Care Instructions



Tarnishing is a natural process which is caused by oxygen and moisture coming into contact with various types of metal - all precious metals can tarnish to some degree.

If your once shiny metal has turned dark, this is likely to be the reason why.

Understanding tarnish is a key part of cleaning your jewellery.

“Oxidized” is another term used to describe silver. For some works silversmiths intentionally allow parts of the jewellery to darken and oxidize to make them stand out more. This detailing can be lost, though, with excessive cleaning and polishing. Identify any purposefully oxidized silver bracelets, earrings, rings or necklaces you have and set them aside for separate cleaning.

As well, jewellery pieces should not rub up against each other, other types of metal or any harsh surfaces as they will scratch and wear. Nor should they ever take too much weight or force. You should also avoid harsh chemicals from coming into contact with your jewellery.

To prevent dullness and tarnish, each silver piece should ideally be cleaned (see cleaning tips below) then stored in its own soft jewellery pouch or bag.

If possible, keep jewellery away from moisture by storing your pieces in a cool, dry place.

Look after your precious pieces and they will look after you!!




If you don’t have any silver cleaner at hand, or you don't like to use chemicals, you can try the following method on all-metal pieces, such as chains or bracelets. Do not use this method on jewellery containing gemstones (the heat may cause them to crack or change colour).
Find a glass bowl, or dish suitable for the type of jewellery being cleaned, and line with aluminium foil. Place your jewellery inside the lined bowl and cover with baking soda, just enough so you can barely see the jewellery. Next, pour hot water over the jewellery and wait for the bubbling to stop. After the solution has stopped bubbling, remove the piece, rinse with warm water and buff dry with a soft cotton cloth. You may need to repeat the process a few time times for badly tarnished pieces.


Gold vermeil (overlay) is sterling silver that has been gold plated.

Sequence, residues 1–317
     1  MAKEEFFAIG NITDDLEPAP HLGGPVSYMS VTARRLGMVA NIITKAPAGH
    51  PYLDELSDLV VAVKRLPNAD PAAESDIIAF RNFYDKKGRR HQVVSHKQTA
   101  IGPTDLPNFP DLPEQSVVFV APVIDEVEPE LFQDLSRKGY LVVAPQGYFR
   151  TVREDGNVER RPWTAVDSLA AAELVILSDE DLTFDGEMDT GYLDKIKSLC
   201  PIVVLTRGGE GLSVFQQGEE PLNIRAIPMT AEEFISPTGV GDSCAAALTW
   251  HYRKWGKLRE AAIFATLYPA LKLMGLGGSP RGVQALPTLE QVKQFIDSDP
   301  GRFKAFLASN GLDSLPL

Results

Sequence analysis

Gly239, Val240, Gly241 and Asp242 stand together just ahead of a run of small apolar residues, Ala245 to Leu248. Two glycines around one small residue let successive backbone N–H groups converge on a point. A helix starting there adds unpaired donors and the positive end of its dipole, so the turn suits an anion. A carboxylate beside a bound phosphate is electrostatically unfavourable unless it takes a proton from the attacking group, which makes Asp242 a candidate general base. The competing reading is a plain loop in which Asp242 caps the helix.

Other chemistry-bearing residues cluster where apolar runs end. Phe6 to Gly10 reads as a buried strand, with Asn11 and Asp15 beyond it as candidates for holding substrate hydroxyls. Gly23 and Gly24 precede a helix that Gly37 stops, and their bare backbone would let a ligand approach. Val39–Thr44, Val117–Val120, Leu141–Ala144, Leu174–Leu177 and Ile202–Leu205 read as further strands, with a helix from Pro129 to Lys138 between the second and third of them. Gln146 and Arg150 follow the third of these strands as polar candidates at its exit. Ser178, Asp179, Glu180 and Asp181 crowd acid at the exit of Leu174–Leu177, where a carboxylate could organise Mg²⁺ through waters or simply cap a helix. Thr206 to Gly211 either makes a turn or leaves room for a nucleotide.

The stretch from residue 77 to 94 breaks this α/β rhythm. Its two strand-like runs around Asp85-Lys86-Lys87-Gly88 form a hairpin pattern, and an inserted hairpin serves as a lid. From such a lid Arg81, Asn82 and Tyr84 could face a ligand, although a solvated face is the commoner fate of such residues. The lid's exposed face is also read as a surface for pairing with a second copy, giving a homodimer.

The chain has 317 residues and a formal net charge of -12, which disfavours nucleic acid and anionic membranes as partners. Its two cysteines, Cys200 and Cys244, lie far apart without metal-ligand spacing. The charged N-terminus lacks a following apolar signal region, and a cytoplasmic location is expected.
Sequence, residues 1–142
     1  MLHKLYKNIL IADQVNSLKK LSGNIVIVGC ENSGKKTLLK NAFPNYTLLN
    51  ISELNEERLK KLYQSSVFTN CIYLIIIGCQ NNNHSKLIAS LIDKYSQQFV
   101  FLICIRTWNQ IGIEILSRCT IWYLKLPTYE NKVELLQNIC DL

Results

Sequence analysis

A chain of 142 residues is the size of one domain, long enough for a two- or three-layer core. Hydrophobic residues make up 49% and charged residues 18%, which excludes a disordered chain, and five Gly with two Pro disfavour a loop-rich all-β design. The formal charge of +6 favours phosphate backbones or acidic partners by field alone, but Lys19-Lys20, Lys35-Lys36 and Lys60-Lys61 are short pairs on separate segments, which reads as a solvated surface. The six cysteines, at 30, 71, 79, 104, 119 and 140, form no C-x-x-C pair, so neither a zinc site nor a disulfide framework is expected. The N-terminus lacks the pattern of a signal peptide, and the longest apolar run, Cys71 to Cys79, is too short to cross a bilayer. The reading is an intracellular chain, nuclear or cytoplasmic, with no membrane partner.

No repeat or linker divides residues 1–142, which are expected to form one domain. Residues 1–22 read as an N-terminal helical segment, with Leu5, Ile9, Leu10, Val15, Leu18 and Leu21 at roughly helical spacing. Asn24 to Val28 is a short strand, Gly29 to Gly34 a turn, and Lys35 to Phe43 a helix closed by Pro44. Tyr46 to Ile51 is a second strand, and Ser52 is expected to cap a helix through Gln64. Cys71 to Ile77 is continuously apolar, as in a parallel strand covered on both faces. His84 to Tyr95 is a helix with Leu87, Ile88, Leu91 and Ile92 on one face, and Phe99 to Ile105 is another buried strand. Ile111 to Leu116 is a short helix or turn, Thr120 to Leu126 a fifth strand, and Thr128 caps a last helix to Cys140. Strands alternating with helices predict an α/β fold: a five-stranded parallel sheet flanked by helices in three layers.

As with sterling silver, preventive care is important for maintaining your gold vermeil jewellery. It's best to keep vermeil jewellery separate from other jewellery as the plating is susceptible to wear.
Gold vermeil jewellery will tarnish like silver (as it is sterling silver, plated in 18ct/24ct gold) so it is best to keep it in an airtight box or bag.
Remove gold plated jewellery before swimming, bathing or washing your hands with chemical soaps.
Perfumes, creams and hairsprays can also have a negative effect, so always apply before putting on your jewellery.
If you would like to clean your gold vermeil jewellery wash it with a small amount of gentle dish soap or non-chemical soap and warm water.
Rinse it well and allow to dry on a cloth or paper towel.
Next, use a soft, non-abrasive cloth or jewellery cloth and gently rub the surface in a circular motion to clean.
Make sure it is fully dry before returning to its box or airtight bag for storage.
Do not use a silver cloth as it will quickly remove the gold plating.
All plating will naturally fade with wear.


The most effective way to clean sterling silver is with warm water and mild bar soap. (Liquid soap is likely to leave a film on your jewellery, resulting in a dull finish.)

This cleaning method is safe for hard, non-porous gemstones, like topaz, amethyst, garnet, citrine, peridot, and cubic zirconia.

Apply the warm, soapy water with a soft cloth or very soft toothbrush.

Rinse clean and gently pat dry with a soft cloth.

Examples of porous gemstones include pearl, opal, emerald, turquoise, amber, coral, and onyx.

Porous gemstones should never be soaked in water.

If porous gemstones do become wet, gently pat dry and allow them to dry completely before storing.

Take care not to expose porous gemstones to makeup, lotion, perfume, or hairspray.